How to Create a Basic Spreadsheet

by Amanda Kondolojy

Spreadsheets are one of the best ways to analyze data and project future data manipulations efficiently. Although spreadsheets can become complicated and contain large amounts of data with intricate formulas, it is important to start small. By following some general rules, you can learn how to create a basic spreadsheet.

Decide what data you want to show. You need to decide what exactly you want your spreadsheet to prove or project, and you have to think of it in the simplest terms possible. For example, if you are trying to analyze sales data for a car dealership, it would be a little too confusing to list specific models, the individual income of each customer who bought these models, and what referred them to the dealership. If you take a more structured approach, however, and list the mean income of customers who bought specific models, that tactic might be a better way to present your sales data more coherently.

Think about how you want to format your data. Spreadsheets are made of several axises. You need to consider how to use these to show trends in the data you are compiling. For example, if you are comparing the cost of a certain brand of peanut butter to the amount of peanuts yielded, it would make sense to take a simple, two-column approach. List the year and the average price on a horizontal axis. This format will make further data projections and manipulations easy to visualize.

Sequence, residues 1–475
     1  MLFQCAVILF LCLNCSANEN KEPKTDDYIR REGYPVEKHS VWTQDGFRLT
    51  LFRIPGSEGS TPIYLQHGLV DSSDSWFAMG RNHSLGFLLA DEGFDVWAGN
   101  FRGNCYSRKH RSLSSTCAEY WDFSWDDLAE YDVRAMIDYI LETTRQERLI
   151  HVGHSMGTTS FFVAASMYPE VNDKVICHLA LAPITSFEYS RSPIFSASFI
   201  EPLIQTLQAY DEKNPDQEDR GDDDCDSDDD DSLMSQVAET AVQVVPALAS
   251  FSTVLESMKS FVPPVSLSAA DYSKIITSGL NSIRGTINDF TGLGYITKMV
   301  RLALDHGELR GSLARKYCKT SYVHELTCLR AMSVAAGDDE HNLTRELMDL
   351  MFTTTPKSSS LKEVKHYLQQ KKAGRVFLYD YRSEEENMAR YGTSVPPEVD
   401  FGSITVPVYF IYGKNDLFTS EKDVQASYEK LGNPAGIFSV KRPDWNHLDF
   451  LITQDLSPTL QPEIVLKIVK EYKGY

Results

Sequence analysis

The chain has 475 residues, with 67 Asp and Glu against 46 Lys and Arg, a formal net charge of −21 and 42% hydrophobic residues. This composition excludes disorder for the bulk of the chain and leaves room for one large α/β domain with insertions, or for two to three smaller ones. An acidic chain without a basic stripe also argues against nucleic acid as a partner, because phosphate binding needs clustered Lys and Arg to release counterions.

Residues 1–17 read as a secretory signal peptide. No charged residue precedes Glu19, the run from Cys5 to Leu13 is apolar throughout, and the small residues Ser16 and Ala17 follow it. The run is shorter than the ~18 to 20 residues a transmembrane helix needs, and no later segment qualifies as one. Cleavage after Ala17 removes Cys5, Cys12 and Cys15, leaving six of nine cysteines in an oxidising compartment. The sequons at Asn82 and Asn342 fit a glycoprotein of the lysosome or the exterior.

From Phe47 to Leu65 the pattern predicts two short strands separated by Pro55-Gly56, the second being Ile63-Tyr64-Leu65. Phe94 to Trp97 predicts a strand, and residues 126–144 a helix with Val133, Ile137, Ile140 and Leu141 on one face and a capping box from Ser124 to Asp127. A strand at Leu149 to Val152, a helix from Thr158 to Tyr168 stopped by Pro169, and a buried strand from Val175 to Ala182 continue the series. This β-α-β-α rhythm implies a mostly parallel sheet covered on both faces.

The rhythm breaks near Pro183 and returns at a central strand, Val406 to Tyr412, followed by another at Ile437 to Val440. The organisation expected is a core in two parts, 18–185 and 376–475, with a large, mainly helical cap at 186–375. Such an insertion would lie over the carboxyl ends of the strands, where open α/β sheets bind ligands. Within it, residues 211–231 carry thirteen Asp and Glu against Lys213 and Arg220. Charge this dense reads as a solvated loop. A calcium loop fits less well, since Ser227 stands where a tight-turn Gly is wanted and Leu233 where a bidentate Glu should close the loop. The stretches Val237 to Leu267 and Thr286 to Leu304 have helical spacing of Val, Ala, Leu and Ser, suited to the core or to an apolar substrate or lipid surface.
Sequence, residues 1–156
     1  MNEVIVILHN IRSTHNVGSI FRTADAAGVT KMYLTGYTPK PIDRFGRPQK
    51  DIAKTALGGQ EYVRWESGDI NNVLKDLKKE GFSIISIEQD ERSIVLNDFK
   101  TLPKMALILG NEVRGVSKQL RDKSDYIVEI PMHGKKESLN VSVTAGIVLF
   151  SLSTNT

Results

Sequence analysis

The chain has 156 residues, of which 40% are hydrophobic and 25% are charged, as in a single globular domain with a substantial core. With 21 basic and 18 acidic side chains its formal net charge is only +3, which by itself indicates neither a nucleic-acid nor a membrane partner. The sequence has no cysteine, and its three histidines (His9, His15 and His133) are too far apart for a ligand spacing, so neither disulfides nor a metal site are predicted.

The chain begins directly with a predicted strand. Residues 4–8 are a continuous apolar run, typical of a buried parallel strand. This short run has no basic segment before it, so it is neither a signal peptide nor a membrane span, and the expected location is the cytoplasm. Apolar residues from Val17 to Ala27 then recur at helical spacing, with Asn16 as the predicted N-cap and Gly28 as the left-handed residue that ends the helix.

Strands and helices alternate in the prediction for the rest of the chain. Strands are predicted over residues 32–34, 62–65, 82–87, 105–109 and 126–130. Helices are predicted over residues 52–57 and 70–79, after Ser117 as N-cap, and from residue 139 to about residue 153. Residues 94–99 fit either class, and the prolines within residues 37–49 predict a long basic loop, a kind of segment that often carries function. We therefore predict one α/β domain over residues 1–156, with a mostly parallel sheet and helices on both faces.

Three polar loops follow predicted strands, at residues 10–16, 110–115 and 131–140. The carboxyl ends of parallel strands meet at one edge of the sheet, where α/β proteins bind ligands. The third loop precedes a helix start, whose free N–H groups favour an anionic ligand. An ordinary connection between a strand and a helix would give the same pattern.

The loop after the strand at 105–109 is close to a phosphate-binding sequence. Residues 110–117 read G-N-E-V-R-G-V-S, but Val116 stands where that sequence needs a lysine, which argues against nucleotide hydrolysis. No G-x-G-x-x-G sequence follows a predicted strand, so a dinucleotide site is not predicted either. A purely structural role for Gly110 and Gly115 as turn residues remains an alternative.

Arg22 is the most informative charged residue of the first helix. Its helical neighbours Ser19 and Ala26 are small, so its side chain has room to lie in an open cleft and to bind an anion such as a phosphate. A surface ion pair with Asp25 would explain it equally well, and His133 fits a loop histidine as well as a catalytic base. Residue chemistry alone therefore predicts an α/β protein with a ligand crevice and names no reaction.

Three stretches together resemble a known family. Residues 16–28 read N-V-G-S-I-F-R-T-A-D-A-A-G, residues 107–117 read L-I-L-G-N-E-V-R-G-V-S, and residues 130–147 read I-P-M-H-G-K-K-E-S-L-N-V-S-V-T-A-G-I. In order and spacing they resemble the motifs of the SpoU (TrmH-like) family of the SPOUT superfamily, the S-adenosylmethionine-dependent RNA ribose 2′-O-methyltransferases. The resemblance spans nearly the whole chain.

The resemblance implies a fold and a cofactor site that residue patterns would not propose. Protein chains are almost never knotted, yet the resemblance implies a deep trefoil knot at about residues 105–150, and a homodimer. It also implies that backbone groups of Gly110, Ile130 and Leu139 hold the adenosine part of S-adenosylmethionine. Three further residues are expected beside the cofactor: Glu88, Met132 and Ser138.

Choose a program to create your spreadsheet. Although Microsoft Excel is the standard (and most widely used) spreadsheet program, there are other alternatives. Consider Open Office, a completely free alternative to the Microsoft Office suite. That spreadsheet program has many of the same features as Excel.

Enter your data. Although this may sound like the easiest step, it is important to take your time, and enter it exactly as you planned in Step 2. Make sure you keep your data in line with different data axises, and take your time to make sure that everything is entered correctly.

Apply formulas. If you have set aside a special area on your spreadsheet for future projections, averages or other data manipulations, you will want to enter them last. Simply click the space where the manipulations will go, and then write the formula in the formula bar near the top of the program. If you need help writing formulas, see the Resources section for a basic tutorial on how to create and use formulas in Excel.

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